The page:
But Tomkins and other scholars claim it may not be that simple. As they note, Right and Left have been invested with deep meanings throughout Western history, and indeed, in every other culture we know about as well. The Right is always good and straight and true and up, and the Left tends to be the opposite. For example, the Maori, the indigenous people of New Zealand, have a very complex cosmology that ties many basic dimensions of life to the left and the right, as do many other peoples (e.g., Hertz, 1960; Needham, 1973). In the Bible, the elect sit on the right hand of God.

These associated meanings of Left and Right are also seen in word etymologies, which reveal the "meaning complexes" that embed specific terms (Thass-Tienemann, 1955, 1967). In many Romance languages, for example, the left is related to strange stuff and lesser aspects of life. For example, sinistra, the Latin word for left, is the root for our word "sinister." Gauche, the French word for left, has negative connotations. In Norwegian, the word for right, hoyer, literally means "higher." The Spanish word for right, derecho (derived from Latin directus), also means "upright" or "correct."

Or take a look at English. People are "out in left field," not right field, when they have a far-out opinion. We give people "left-handed compliments." So the question may be: why did the nobility sit on the king's right in the first place?

Perhaps the left-right, bad-good dichotomy had its origins in the basic dualisms that exist in human thought everywhere, as implied by Tomkins's work. That's a big claim, but it gains support in work by psychologist Charles Osgood and his colleagues (1975) from the 1950s to 1970s. Osgood basically asked people all over the world to make snap judgments on just about anything you can think of -- whether it was colors like "red" and "blue," or concepts like "left" and "right," or specific people like presidents Dwight Eisenhower and John F. Kennedy -- using a series of polar opposites, such as soft/hard, up/down, hot/cold, and fast/slow. So, for example, if you were asked to rate a "turtle," you might strongly think it was more "hard" than "soft" and more "slow" than "fast." You also might rate a turtle as somewhat more "down" than "up" because they are close to the ground. You might be hard pressed to decide if a turtle is "hot" or "cold," so you might pick the middle point on the seven-point scale, meaning that it does not strike you as either "hot" or "cold."

On the other hand, if you were asked to rate a "giraffe," you might say it was more "soft" than "hard" because of its smooth skin and colorful fur, and more "fast" than "slow" because it can run plenty fast when it has to. You probably would rate it as more "up" than "down" because of its long neck, and you might say it is more "hot" than "cold" because you figure it is a warm-blooded animal living on the hot plains of Africa.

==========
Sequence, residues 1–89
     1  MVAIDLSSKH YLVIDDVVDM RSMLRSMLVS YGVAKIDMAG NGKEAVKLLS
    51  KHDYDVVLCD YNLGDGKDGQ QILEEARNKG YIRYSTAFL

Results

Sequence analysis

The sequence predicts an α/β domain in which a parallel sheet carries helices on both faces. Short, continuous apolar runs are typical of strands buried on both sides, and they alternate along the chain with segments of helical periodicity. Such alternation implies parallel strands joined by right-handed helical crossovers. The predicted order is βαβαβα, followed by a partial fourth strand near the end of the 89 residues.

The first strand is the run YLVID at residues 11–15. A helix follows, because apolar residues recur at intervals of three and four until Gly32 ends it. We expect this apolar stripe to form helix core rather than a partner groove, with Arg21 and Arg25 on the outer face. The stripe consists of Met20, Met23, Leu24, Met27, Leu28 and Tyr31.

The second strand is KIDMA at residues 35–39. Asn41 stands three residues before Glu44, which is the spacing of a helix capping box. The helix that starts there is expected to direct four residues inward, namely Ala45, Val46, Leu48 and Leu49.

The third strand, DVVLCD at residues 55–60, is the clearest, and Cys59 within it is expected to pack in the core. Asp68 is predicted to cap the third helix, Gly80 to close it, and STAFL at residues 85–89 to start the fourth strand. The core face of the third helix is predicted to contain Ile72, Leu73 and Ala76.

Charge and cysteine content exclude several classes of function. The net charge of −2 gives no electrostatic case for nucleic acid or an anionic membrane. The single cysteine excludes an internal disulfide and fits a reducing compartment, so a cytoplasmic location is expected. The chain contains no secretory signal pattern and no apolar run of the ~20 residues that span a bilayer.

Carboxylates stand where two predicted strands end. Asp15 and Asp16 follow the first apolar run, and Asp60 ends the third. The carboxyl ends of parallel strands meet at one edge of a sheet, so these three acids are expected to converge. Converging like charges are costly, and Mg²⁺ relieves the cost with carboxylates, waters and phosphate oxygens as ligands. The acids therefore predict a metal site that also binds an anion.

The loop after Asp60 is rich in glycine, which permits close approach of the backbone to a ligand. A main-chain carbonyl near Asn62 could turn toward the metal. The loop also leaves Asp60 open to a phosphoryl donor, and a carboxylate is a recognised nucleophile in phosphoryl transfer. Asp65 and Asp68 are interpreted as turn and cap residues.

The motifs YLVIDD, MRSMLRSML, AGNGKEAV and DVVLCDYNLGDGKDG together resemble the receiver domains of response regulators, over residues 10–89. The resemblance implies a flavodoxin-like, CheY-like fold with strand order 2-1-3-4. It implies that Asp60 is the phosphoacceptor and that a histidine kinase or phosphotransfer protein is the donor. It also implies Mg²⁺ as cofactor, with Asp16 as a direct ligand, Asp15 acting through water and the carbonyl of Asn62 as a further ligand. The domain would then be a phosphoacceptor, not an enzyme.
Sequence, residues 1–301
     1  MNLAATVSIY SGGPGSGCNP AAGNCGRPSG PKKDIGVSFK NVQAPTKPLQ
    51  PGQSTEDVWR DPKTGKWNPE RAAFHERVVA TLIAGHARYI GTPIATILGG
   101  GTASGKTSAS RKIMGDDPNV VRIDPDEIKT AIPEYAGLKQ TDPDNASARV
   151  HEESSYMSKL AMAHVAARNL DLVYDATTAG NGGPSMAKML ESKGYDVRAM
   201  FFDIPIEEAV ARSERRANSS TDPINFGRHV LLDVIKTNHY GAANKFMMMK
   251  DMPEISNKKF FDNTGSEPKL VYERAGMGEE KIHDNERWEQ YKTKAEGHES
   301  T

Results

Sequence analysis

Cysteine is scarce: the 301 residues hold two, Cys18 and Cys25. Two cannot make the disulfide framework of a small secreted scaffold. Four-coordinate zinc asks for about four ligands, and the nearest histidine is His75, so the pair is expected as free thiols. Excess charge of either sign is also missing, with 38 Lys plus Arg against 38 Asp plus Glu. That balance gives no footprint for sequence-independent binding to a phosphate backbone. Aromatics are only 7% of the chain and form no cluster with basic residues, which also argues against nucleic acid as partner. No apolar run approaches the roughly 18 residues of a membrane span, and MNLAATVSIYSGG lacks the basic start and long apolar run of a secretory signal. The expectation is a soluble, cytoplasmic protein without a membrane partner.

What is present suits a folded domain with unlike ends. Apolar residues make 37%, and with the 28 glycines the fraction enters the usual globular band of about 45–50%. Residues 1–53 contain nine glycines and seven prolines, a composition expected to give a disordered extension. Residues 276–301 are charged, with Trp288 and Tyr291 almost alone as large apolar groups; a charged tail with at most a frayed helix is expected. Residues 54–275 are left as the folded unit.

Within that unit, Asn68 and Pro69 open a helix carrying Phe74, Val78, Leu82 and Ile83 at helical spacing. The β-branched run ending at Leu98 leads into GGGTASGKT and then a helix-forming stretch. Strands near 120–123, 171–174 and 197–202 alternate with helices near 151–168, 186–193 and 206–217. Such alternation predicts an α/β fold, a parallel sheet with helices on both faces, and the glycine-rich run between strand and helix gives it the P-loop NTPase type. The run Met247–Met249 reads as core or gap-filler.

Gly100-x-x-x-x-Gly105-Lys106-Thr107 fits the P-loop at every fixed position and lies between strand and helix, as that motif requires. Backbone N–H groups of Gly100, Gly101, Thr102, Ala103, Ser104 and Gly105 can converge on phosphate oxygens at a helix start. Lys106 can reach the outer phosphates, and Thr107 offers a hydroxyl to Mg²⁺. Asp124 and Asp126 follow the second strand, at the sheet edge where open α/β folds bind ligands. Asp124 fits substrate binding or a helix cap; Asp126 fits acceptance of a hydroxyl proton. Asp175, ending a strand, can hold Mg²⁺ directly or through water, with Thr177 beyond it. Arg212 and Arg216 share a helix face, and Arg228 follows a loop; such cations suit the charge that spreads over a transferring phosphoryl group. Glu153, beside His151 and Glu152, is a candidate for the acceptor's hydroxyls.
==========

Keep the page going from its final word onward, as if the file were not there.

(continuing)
Osgood called his list of polar adjectives "the semantic differential." Based on very large samples of people from all over the world, and using very rigorous statistical analyses, Osgood established that there are three basic dimensions when people impute meaning. These dimensions hold all over the world and for whatever we rate, whether turtles or giraffes or presidents or cooking pots or colors or pictures. The importance of each of the three dimensions varies from concept to concept, but they are the main factors that inform any intuitive judgment we make:

First, there is the evaluative dimension. Do I like it or not like it, which is soon translated in our thinking into a "good-bad" dimension. The evaluative dimensions includes polar opposites such as good/bad, pretty/ugly, and friendly/unfriendly

Second, there is the activity dimension. Basically, is it active or passive, fast or slow?

Third, there is the potency dimension. Is it strong or weak?

If the Left-Right dimension explained by Tomkins also has any relationship to our thinking about politics, then there should be differences on the semantic differential. So I tested this possibility by giving the semantic differential to college freshman and sophomores who did not know the purpose of the study. Eighty rated only the concept "Right," 78 rated the concept "Left." Then I studied children from the first grade through high school in Napa, California, thanks to an insider connection that got me entrée into dozens of classrooms in a single day, back in the mid-1960s (Domhoff, 1969). The two sheets of paper put before the students looked like what appears below, with either the word Left or Right at the top of the page, followed by instructions to judge where they would place Left and Right on each of the pairs of polar adjectives that we used (e.g., good/bad, male/female, unclean/clean). They had seven blanks they could mark to express the degree to which their idea of Left or Right fit with one or the other side of the continuum, which means they could mark the middle choice ("4") if the word at the top did not remind them of either side.